And now, if you’ve come this far and you still think that you might want a dachshund after reading all that, this is why. They are one of the most interactive breeds, with huge personalities and so much character. Every single one is unique and a whole lot of fun. Who can resist those big brown eyes and that deceptively sad face? They are loyal and protective of those they love to the very last and one of the most affectionate breeds out there – always ready for a cuddle with a waggy tail and a wet sloppy kiss. They are people magnets – when you walk a dachshund you have to be prepared to meet new people. They are addictive, once you’ve had one, you will probably end up with at least one more and will also be ruined for owning any other breed ever again. They are funny and will make you laugh more than they make you cry. If you’ve read all this and you think you still want a dachshund, you probably do want a dachshund!

**Please note that all dogs are different and your dachshund may exhibit none or all of the characteristics above – this is a generalised outline of the breed, intended for basic information purposes only.

Author: Joanne Emery
www.ivdd.org.au (A fantastic resource for all dachshund owners)

PLEASE! Do NOT support animal cruelty. Never buy from puppy farms or backyard breeders! Always visit where your puppy was born and reared.

Interview with an ethical, ANKC registered, Dachshund Breeder

1. What makes a good dachshund breeder?

In my opinion a good breeder is a person that has gained the appropriate knowledge of the breed they are going to produce puppies with, a person who has the knowledge to send a puppy to its new home with all the necessary information about the puppy so it will thrive and the new owner has confidence in rearing their new family addition.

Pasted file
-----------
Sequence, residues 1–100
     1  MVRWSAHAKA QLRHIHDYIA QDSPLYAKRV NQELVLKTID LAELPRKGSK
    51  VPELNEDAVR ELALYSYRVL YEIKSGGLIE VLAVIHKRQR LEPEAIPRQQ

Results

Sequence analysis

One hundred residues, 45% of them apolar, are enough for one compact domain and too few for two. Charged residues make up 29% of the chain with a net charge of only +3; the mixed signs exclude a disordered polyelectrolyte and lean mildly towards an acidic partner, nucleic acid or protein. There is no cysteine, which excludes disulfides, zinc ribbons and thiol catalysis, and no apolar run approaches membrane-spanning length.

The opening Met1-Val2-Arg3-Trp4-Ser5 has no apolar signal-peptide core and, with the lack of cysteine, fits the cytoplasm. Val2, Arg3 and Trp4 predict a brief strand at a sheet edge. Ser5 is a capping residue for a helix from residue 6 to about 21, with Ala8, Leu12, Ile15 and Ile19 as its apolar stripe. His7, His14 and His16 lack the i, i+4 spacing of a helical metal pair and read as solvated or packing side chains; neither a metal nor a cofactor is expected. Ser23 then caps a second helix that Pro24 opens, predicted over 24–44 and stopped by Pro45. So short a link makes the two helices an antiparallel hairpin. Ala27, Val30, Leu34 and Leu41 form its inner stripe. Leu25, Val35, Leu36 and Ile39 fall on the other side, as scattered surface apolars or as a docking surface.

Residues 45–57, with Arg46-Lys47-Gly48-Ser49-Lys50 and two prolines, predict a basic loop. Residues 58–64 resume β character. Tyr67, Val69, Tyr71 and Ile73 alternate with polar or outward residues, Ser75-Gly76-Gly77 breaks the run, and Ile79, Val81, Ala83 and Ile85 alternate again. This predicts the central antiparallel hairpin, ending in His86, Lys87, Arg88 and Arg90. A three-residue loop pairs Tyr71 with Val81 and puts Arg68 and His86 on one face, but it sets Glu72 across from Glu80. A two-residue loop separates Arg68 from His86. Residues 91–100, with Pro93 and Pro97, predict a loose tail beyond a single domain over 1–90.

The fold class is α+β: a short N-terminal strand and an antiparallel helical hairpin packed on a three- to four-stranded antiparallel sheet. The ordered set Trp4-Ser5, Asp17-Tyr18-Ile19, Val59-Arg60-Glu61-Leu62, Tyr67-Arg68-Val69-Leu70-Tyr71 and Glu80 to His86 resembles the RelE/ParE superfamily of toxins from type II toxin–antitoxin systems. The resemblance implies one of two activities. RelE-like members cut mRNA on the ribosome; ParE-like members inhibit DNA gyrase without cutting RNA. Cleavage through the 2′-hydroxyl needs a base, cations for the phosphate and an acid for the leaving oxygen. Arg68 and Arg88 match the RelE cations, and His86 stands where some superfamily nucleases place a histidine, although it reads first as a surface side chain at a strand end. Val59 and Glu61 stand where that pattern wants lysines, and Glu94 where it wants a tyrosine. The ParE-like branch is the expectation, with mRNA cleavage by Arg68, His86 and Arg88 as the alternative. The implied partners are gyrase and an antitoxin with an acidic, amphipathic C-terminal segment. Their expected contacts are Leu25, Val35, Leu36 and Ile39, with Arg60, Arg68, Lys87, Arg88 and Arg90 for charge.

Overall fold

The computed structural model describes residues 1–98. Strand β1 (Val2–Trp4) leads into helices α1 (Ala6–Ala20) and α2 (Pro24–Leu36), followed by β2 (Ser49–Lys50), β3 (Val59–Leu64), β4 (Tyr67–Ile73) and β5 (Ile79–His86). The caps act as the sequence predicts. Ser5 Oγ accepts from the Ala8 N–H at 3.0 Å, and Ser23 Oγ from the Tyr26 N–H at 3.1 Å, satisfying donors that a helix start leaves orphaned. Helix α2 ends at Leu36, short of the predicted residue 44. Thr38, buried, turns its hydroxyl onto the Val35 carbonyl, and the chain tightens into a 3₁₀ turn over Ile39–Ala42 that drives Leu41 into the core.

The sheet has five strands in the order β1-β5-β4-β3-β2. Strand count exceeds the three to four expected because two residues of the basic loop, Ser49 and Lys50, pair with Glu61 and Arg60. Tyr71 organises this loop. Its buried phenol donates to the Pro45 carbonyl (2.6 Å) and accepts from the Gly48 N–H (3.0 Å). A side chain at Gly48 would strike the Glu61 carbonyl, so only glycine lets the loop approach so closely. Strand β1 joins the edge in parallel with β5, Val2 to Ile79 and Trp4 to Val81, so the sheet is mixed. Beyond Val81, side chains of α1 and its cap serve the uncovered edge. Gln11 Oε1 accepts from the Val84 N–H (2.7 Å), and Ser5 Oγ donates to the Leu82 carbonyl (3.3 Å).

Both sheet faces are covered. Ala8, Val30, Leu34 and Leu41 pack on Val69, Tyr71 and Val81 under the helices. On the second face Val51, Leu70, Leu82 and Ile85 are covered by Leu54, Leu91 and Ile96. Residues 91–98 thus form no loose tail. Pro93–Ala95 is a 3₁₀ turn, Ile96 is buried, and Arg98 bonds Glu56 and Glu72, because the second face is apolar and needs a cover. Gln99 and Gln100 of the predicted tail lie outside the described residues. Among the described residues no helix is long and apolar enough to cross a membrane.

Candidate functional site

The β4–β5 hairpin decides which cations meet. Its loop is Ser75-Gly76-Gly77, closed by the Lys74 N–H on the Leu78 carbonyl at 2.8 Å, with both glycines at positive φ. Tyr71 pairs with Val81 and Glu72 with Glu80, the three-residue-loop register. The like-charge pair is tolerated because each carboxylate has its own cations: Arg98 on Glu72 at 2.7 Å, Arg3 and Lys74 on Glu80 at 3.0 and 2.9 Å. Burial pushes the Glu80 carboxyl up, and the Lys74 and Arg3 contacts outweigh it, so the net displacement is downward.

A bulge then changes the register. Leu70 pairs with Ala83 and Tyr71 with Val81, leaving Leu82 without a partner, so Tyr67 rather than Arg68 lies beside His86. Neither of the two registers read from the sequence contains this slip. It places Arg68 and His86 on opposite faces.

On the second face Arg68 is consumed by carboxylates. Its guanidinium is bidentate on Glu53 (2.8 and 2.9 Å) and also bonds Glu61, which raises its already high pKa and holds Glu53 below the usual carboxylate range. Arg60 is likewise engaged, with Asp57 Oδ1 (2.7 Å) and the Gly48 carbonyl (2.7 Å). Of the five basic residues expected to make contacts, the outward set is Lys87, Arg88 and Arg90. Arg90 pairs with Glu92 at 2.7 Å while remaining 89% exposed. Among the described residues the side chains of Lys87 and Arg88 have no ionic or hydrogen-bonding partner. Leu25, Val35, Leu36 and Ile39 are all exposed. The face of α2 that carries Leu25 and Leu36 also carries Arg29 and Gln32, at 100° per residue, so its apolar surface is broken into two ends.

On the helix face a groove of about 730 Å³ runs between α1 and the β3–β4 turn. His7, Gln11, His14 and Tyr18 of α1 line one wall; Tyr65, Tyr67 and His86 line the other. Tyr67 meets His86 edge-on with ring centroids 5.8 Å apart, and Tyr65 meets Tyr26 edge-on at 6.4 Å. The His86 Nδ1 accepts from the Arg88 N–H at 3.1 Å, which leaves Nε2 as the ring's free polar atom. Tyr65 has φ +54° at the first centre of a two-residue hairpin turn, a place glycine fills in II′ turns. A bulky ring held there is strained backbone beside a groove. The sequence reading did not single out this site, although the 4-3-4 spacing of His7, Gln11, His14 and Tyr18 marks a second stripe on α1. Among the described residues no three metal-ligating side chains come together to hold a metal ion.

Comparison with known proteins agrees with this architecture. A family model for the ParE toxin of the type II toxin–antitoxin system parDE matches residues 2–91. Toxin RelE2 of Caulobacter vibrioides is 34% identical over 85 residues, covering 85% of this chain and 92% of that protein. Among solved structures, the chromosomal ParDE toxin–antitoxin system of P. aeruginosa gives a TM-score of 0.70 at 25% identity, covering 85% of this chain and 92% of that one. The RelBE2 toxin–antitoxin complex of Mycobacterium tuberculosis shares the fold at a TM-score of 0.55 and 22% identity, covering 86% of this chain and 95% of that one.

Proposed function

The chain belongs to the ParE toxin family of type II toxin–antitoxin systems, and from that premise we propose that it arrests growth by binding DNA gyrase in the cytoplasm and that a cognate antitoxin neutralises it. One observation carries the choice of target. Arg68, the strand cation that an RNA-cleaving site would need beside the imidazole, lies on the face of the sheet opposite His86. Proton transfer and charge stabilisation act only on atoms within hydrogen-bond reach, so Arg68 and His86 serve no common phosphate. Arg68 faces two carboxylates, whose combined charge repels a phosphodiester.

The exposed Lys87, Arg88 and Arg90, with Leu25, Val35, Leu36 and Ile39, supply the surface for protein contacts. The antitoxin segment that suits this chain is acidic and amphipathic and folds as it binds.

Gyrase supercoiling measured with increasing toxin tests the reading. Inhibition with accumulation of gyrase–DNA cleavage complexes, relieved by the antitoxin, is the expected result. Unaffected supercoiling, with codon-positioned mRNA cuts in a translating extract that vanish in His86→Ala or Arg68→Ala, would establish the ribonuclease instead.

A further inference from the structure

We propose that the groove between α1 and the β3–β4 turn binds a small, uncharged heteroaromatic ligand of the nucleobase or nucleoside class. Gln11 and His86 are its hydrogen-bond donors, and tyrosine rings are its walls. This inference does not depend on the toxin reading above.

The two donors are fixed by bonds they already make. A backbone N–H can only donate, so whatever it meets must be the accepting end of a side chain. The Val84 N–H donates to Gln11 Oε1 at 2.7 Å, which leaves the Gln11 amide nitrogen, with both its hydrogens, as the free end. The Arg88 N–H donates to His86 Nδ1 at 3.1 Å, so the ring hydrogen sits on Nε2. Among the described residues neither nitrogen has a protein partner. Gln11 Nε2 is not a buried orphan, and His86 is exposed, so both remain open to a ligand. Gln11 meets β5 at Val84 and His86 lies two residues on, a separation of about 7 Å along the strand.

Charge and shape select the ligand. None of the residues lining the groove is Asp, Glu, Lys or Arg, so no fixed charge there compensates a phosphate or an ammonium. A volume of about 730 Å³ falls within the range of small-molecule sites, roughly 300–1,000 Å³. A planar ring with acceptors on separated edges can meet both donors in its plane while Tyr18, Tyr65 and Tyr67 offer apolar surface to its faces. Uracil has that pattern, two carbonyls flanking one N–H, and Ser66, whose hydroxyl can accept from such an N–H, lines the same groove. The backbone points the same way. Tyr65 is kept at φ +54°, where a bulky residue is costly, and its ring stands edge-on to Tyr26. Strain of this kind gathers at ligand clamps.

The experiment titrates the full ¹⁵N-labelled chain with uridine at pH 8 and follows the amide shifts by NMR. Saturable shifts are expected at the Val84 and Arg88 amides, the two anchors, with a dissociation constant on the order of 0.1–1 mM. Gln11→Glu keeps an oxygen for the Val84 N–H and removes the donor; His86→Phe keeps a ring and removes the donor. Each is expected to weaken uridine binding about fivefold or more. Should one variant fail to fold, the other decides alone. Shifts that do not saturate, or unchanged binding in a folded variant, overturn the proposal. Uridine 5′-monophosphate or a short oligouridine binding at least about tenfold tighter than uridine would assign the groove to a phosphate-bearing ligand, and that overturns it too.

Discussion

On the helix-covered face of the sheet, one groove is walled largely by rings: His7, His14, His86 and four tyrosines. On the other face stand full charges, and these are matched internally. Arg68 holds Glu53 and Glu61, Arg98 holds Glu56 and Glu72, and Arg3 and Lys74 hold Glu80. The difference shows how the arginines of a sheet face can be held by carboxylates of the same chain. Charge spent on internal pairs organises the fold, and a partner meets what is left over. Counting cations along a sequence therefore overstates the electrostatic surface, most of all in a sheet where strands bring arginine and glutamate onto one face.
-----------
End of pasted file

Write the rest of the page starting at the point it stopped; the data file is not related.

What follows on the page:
A good breeder has facilities in place and a breeding program to produce – most importantly – healthy and well conformed puppies  from a gene pool that has produced exceptional quality representatives of the breed.

It should be obvious that puppies are well socialised in an inspiring environment that has constant attention and contact with a loving caring breeder


2. Where can prospective owners find a good breeder?

The best place to start is searching for Australian National Kennel Control [ANKC] members which you will find listed in breed section on the dogzonline website

www.dogzonline.com.au and you can certainly utilise Facebook groups again stipulating ANKC registered pups and members .

Also contacting your state affiliate office for breed listings dog Victoria, Dogs Queensland, Dogs West, Dogs NSW and Dogs South Australia. Breeders can also be verified from these contacts .

BIG No No ‘s are Gumtree and trading post and the majority of back yard breeders fb pages . Most often there are scammers on these pages and unscrupulous breeders.


3. What questions should prospective owners ask breeders to ensure they are buying the healthiest, happiest puppy.

When enquiring about a puppy from a breeder, here are some questions you can ask and points to consider:

a. Ensure you puppy is fit for the purpose of pet or possibly show: Is his/ her mouth correct? Are there testicles for male puppies? Are there any dew claws or kinks in tails?  Has the puppy been vet checked for clefts heart? Are the lungs, patella and hocks sound?

b. Ask about any incidents of IVDD in the sire and dam’s history.